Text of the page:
California’s Drunk in Public Laws

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Man drinking liquorCalifornia has laws against being “drunk in public,” and they seem easy to understand.

You’re sitting at a bar with a drink in front of you and talking to no one, but you’re obviously intoxicated, or you’re sitting on a park bench, softly singing to yourself, and you’re obviously intoxicated. Either way, it means that you can be arrested for being drunk in public – right? Wrong! California’s drunk in public laws are very specific. You may be obviously drunk, but you can only be arrested for being so if your actions are:

* making yourself or others unsafe, such as throwing your glass at someone in the
bar, or
* you are causing an obstruction in a public place, such as tossing the park
bench (if you can lift it)into the street or at someone

Drunk in Public Penalties

California is also very specific about penalties for a “drunk in public” conviction. That means you have committed a misdemeanor, which may put you in the county jail for up to six months and/or a fine as high as $1,000.  If you find yourself in this position, you will need the help of a bail bond company.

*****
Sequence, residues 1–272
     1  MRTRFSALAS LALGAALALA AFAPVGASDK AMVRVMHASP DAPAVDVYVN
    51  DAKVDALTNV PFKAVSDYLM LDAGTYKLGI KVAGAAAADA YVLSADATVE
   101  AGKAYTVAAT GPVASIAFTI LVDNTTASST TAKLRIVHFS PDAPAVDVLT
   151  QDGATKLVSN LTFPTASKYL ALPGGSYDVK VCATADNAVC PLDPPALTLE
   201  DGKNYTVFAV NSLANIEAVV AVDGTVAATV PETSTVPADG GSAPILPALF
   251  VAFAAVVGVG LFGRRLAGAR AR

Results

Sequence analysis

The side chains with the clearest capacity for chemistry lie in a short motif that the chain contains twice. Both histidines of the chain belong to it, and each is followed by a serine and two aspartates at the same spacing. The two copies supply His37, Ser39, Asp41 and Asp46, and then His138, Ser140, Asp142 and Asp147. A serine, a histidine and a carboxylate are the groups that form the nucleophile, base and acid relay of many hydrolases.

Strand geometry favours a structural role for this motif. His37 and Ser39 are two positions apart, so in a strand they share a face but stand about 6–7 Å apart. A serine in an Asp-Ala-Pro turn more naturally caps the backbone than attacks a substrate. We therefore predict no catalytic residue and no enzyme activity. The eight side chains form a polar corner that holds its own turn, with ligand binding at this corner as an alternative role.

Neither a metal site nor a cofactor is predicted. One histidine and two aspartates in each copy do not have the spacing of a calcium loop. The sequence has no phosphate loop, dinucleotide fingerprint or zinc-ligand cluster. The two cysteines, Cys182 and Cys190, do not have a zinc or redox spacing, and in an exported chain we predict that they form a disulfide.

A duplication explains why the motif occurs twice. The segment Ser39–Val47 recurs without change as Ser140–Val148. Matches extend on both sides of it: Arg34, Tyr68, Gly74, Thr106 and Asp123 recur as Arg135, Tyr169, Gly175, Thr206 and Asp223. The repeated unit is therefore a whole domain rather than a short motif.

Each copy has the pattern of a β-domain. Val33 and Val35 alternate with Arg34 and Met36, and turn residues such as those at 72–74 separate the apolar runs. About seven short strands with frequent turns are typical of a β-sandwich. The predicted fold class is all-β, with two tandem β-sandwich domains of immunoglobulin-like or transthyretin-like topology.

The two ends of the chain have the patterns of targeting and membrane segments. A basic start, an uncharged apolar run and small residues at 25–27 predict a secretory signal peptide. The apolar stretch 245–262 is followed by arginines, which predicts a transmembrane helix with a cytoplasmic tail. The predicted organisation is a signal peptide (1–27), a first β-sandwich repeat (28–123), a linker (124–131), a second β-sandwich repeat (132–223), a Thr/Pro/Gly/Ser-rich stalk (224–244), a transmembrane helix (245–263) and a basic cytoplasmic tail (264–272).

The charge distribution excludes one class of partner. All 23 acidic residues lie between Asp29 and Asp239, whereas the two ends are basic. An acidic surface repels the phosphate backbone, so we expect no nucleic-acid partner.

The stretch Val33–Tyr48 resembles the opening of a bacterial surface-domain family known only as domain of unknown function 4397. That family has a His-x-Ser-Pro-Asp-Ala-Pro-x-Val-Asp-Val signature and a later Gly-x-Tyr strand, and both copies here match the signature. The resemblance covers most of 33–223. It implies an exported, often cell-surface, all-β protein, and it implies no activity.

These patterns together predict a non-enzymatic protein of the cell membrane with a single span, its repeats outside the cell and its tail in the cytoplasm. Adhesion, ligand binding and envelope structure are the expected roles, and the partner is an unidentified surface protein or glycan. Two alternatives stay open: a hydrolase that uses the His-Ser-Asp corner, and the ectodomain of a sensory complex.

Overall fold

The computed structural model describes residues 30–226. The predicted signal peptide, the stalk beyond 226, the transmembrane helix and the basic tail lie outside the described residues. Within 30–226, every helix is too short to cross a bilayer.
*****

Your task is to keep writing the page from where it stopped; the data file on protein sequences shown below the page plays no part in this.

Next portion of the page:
If you are a repeat drunk driving offender, meaning you have been convicted three times within a period of one year, you face 90 days in a county jail. However, jail time may be suspended if you agree to spend 60 days in an alcohol treatment and recovering program.

After a drunk driving charge, it is also possible that a judge will decide you should be placed on probation instead of going to jail. Although that is a lighter charge, it still gives you a criminal record, which may become a problem if you are seeking a new job or applying for a special license. Therefore, it might be worthwhile to fight the “drunk in public” charge.

A California criminal defense lawyer will work to reduce or even dismiss the drunk driving charges against you. The defense might focus on:

* There is no hard evidence that you were actually drunk. “Beyond a reasonable
doubt is the important point here.
* You may have been drunk, but you were not in a public place when you were
charged. You may get drunk in your home or in a hotel room, but in those cases,
you can’t be charged as “drunk in public.”
* Your civil rights were violated by the police officer who investigated you.

Bail Bond Help

If you face the penalties of a California “drunk in public” charge, you might consider the services of a bail bondsman. The bondsman puts up the money so that you can stay out of jail until the trial or sentencing. The money, in the form of a so-called surety bond, is a guarantee that you will return to court to face charges on a
particular date. That is the bail bondsman’s asset because most people facing “drunk in public” charges just want to stay out jail.